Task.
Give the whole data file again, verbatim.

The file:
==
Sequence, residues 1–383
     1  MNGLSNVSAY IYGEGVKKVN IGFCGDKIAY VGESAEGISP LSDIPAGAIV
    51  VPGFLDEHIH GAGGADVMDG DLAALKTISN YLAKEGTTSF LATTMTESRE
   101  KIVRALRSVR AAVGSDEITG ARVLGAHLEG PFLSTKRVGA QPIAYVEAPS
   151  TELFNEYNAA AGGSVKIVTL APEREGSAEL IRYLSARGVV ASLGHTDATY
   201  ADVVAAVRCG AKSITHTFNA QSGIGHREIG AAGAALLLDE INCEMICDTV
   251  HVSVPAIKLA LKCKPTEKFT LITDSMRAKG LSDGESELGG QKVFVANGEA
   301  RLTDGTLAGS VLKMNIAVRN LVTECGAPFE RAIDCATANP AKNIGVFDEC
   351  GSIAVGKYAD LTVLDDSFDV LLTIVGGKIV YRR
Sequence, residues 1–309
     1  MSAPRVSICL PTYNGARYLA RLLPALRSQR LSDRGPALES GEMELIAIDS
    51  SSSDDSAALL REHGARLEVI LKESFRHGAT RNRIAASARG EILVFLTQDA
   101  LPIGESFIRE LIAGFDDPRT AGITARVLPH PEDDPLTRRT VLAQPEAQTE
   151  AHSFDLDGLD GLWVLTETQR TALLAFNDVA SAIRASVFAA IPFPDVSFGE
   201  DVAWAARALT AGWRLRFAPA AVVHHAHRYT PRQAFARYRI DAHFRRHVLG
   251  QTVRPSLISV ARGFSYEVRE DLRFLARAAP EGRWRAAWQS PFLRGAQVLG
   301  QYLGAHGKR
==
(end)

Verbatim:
Sequence, residues 1–383
     1  MNGLSNVSAY IYGEGVKKVN IGFCGDKIAY VGESAEGISP LSDIPAGAIV
    51  VPGFLDEHIH GAGGADVMDG DLAALKTISN YLAKEGTTSF LATTMTESRE
   101  KIVRALRSVR AAVGSDEITG ARVLGAHLEG PFLSTKRVGA QPIAYVEAPS
   151  TELFNEYNAA AGGSVKIVTL APEREGSAEL IRYLSARGVV ASLGHTDATY
   201  ADVVAAVRCG AKSITHTFNA QSGIGHREIG AAGAALLLDE INCEMICDTV
   251  HVSVPAIKLA LKCKPTEKFT LITDSMRAKG LSDGESELGG QKVFVANGEA
   301  RLTDGTLAGS VLKMNIAVRN LVTECGAPFE RAIDCATANP AKNIGVFDEC
   351  GSIAVGKYAD LTVLDDSFDV LLTIVGGKIV YRR
Sequence, residues 1–309
     1  MSAPRVSICL PTYNGARYLA RLLPALRSQR LSDRGPALES GEMELIAIDS
    51  SSSDDSAALL REHGARLEVI LKESFRHGAT RNRIAASARG EILVFLTQDA
   101  LPIGESFIRE LIAGFDDPRT AGITARVLPH PEDDPLTRRT VLAQPEAQTE
   151  AHSFDLDGLD GLWVLTETQR TALLAFNDVA SAIRASVFAA IPFPDVSFGE
   201  DVAWAARALT AGWRLRFAPA AVVHHAHRYT PRQAFARYRI DAHFRRHVLG
   251  QTVRPSLISV ARGFSYEVRE DLRFLARAAP EGRWRAAWQS PFLRGAQVLG
   301  QYLGAHGKR